If you would like to receive further updates on events like the Hour of Code and other topics at the cutting edge of Ed tech then sign up to our Intel Education newsletter. Teachers can also sign up to our Teachers Engage platform where you’ll find discussion, resources and lesson plans related to digital citizenship and dozens of other topics – all for free.We’d also love to hear from you via our Twitter or Facebook pages. If you’re one of the 200,000 people who follow our Twitter feed, you may have seen that this week is Computer Science Education Week. As part of this, code.org runs its Hour of Code campaign designed to get people everywhere to participate in a coding session. Over 2,000 of these are taking place this week in the UK alone, and the website contains everything even the most code-phobic teachers need to get started. Edutopia has another great piece with a roundup of resources.If you’re still wary about taking the plunge, why not check out this ten-minute video from Deb Norton. As Deb says: “For many educators, committing to doing an hour of code with our students can take us a bit out of our comfort zone because we haven’t experienced coding before.” Never fear! She’ll walk you through what she does in her Wisconsin classroom using a website called CodeHS. Her other tutorials can be found here.
The Supreme Court on Monday expressed its unhappiness over N Srinivasan participating in a BCCI meeting on February 8. The court has also asked his lawyer Kapil Sibal to apprise it of his stand on Friday.The apex court also said that Srinivasan should not have done this as certainly there is a conflict of interest in his role as cricket administrator.The Cricket Association of Bihar (CAB) on February 18 moved the apex court seeking contempt proceedings against Srinivasan and other BCCI officials for holding the meeting in alleged violation of court directives.A bench of Justices TS Thakur and Ibrahim Kalifulla heard the petition filed by CAB Secretary Aditya Varma for a direction to initiate contempt of court proceedings against Srinivasan.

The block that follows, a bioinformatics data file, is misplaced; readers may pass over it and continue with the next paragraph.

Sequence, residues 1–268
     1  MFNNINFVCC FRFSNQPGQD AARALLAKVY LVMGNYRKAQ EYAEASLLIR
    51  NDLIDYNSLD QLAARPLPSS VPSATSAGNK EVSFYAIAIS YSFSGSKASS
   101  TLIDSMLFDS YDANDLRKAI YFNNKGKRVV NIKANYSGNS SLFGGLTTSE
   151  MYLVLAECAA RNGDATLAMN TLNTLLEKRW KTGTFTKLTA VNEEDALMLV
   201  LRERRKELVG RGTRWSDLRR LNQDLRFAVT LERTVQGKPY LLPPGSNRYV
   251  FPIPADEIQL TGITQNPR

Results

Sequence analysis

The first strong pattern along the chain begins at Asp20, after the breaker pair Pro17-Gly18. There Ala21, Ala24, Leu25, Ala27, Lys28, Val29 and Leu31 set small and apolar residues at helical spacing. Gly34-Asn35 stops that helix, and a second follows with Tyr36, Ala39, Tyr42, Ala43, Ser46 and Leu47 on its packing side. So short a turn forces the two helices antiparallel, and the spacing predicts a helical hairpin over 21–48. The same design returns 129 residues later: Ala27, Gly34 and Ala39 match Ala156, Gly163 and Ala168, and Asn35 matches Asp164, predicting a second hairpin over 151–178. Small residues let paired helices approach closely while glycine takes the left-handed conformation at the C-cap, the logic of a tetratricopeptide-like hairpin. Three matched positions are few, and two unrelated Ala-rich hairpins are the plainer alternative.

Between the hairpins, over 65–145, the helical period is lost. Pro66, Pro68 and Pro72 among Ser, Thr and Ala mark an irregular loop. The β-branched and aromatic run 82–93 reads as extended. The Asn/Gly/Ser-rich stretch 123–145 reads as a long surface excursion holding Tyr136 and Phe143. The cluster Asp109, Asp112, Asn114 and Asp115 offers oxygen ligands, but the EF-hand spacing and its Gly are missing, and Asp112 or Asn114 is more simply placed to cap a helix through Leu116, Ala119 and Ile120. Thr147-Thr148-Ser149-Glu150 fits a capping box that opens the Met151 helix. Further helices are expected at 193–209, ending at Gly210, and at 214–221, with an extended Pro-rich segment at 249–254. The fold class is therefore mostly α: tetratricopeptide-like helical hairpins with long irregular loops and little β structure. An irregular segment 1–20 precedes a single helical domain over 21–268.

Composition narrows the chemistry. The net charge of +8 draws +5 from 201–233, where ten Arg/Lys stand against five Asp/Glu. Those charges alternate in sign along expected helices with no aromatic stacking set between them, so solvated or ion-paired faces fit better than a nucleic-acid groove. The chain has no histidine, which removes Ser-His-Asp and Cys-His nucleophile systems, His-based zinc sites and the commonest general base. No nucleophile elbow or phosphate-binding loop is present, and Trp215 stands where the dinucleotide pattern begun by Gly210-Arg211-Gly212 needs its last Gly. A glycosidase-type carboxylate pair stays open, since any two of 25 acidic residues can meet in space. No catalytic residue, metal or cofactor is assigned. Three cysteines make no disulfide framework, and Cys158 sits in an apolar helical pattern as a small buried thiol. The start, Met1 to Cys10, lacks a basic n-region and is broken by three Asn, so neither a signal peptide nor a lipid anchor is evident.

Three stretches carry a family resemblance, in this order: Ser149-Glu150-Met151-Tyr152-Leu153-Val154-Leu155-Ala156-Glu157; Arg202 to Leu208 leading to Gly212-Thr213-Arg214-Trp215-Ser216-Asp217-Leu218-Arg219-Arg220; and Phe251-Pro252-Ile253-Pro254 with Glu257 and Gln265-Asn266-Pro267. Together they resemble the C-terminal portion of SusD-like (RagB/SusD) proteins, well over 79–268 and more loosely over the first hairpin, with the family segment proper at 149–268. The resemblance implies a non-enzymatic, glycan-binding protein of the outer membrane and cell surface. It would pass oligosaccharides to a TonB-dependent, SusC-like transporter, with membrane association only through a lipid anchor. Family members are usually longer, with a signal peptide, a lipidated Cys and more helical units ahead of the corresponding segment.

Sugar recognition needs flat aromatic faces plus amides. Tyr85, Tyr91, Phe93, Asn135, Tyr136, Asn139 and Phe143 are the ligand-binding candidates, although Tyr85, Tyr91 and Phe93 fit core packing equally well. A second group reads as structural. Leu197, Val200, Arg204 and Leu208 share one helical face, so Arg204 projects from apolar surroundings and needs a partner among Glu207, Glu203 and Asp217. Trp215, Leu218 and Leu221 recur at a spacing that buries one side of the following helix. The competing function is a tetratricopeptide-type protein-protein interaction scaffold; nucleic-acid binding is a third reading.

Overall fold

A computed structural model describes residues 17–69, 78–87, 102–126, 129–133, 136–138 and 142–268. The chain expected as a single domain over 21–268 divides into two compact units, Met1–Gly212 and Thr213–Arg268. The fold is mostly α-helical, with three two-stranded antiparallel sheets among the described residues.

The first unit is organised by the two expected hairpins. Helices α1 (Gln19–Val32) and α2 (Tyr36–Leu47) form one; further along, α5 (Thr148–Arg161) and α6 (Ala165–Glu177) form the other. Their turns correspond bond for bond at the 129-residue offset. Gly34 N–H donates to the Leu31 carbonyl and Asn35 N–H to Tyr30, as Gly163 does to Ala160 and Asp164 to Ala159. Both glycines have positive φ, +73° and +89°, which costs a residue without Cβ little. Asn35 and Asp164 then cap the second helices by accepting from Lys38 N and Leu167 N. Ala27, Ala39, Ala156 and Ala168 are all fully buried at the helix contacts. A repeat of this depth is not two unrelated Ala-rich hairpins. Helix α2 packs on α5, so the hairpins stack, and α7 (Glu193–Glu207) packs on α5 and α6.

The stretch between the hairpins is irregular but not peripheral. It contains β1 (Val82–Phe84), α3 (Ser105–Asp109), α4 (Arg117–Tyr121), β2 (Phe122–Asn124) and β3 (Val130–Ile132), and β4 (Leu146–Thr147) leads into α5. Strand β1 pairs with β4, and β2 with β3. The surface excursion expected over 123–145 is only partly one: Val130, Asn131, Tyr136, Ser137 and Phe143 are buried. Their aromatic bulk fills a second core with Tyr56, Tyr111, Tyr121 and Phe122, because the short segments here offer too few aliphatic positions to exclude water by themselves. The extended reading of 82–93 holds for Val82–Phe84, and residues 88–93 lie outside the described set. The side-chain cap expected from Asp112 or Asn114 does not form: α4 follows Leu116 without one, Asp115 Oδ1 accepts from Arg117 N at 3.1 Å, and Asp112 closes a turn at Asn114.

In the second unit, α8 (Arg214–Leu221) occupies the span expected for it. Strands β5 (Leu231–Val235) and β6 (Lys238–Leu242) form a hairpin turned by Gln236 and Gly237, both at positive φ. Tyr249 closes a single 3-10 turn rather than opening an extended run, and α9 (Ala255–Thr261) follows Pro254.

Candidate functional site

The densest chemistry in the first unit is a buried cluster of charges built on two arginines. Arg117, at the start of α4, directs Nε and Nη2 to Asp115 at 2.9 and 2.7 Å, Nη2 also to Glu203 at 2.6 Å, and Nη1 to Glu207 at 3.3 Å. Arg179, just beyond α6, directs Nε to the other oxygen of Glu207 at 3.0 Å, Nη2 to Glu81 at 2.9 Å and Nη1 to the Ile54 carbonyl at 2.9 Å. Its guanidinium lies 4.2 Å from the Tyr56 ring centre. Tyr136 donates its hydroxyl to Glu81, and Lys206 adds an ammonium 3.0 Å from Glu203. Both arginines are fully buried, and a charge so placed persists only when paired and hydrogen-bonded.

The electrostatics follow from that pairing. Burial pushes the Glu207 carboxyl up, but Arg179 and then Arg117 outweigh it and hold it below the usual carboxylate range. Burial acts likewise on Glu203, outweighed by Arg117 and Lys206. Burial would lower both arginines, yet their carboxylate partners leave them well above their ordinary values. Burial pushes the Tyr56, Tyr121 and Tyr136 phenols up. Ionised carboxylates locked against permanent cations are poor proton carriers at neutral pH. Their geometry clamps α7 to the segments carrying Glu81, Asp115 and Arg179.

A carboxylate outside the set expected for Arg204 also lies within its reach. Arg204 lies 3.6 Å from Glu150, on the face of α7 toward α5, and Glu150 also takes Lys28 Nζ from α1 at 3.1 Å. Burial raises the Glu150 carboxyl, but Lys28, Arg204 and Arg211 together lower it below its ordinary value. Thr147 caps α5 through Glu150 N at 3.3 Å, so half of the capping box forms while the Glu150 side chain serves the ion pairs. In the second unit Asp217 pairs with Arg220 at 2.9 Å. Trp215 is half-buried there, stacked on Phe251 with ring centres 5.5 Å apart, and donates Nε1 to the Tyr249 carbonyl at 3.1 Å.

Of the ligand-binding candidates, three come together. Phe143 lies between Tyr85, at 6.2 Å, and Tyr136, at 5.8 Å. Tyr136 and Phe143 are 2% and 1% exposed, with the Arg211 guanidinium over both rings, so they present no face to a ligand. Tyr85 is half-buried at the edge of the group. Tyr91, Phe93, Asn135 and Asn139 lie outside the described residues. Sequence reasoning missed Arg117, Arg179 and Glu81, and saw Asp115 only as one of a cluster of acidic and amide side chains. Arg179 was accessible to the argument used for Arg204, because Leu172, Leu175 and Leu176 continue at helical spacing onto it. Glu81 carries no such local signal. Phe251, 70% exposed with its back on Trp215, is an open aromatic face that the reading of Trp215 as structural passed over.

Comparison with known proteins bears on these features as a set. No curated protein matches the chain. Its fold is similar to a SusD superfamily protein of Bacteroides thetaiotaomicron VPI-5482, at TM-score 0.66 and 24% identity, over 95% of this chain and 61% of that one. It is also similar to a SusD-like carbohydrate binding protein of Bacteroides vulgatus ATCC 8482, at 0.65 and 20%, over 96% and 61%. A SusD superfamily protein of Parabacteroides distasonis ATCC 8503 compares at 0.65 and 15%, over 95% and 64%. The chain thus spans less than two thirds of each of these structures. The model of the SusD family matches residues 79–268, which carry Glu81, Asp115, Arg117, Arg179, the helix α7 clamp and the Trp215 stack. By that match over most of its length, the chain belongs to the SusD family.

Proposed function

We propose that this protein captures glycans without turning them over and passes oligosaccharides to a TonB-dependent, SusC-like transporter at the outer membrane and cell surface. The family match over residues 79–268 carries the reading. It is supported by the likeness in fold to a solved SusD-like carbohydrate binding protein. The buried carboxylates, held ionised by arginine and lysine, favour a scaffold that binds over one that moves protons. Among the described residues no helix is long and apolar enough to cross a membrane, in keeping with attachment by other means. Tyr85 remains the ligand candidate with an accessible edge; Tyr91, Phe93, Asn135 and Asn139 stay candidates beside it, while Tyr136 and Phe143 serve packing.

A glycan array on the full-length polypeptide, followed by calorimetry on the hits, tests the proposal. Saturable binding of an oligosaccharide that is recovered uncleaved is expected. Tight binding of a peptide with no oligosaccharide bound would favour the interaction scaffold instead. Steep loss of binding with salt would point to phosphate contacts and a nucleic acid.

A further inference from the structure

Debbie Baptiste, mother of Colten Boushie, holds a photo of her son during a press conference on Parliament Hill in Ottawa on February 14, 2018. (Justin Tang / THE CANADIAN PRESS) Twitter The case sparked racial tensions, rallies and hateful online comments, and Saskatchewan-raised Hubbard, who is Cree, recalls being stunned by news of his death while driving with her son and nephew, who were both nine at the time.She first felt grief for the family and then wondered, “What is this going to mean for the young boys in my life?”“I just kept looking at them and thinking, ‘How are you going to be viewed when you’re 22?”‘ Hubbard, an associate professor at the University of Alberta, said in a recent phone interview.“The social media response to celebrating a young person’s death was just so disgusting. It’s like, ‘Is that really how we’re viewed?”‘Hubbard ended up making a personal documentary about the case. “Nipawistamasowin: We Will Stand Up” makes its world premiere Thursday as the opening-night film for the Hot Docs Canadian International Documentary Festival, which runs through May 5.The film will also screen at the DOXA Documentary Film Festival in Vancouver, which runs May 2-12.Hubbard narrates and appears in the doc, which looks at the inequity and racism in the Canadian legal system that came to light through the trial, and the Boushie family’s pursuit of justice.The director, writer and producer also puts the lens on her own life as she examines the history of colonialism on the Prairies and what kind of future is in store for her son and nephews.The word “nipawistamasowin” in the film title means “a small group of people standing up for themselves or standing up on behalf of the larger group,” said Hubbard.Hubbard is from Peepeekisis First Nation in Treaty Four Territory and has ties to Thunderchild First Nation in Treaty Six Territory.In the film she explains she was adopted and raised by a homesteading family in southern Saskatchewan.Her birth dad, whom she got to know as a teen, lives on Red Pheasant and is married to Colten’s aunt. And Colten’s cousin, Jade Tootoosis, is married to Hubbard’s cousin. But Hubbard said she wasn’t close with the Boushie family before making the doc.Hubbard wasn’t even looking to make a film when Boushie was killed. She had just finished the acclaimed documentary “Birth of a Family” and was busy with that, she noted.But she was so struck by what had happened, she felt compelled to document it.After speaking with the National Film Board of Canada, which produced “Birth of a Family,” she realized her upbringing in Saskatchewan could help contribute to the doc as it looked at stereotypes, oppression and pervasive, ingrained thinking in the media, movies and education system.“I think sometimes you acknowledge, living as an Indigenous or person of colour in this country, people live with racism and people deal with it and acknowledge it. But to come to terms that that could be celebrated — I started to cry telling my producer this and she said, ‘This is really powerful.”‘Hubbard said she hopes the film will help draw attention to the Boushie family’s suggestions for changes to the legal justice system to address issues including jury selection.“This is the time — and it was the time 10 years ago, it was the time 20 years ago, it was the time 30 years ago,” said Hubbard, who also wrote and directed the 2004 doc “Two Worlds Colliding.”“I just want my boy and every other person’s Indigenous child to be safe and free to walk on our own land. It’s that simple.”By Victoria Ahearn ~ The Canadian Press Advertisement Advertisement Facebook Login/Register With: Advertisement LEAVE A REPLY Cancel replyLog in to leave a comment TORONTO — Documentary filmmaker Tasha Hubbard didn’t know Colten Boushie, but when she heard about the killing of the young Indigenous man, it was all she could think about.Boushie, a 22-year-old member of the Red Pheasant First Nation, died from a gunshot to the back of his head after the vehicle he was in with friends drove onto a rural farm property near Biggar, Sask., in August 2016.Last year a jury acquitted farmer Gerald Stanley of second-degree murder after he testified his gun went off accidentally when he was trying to scare off young people who were on his property.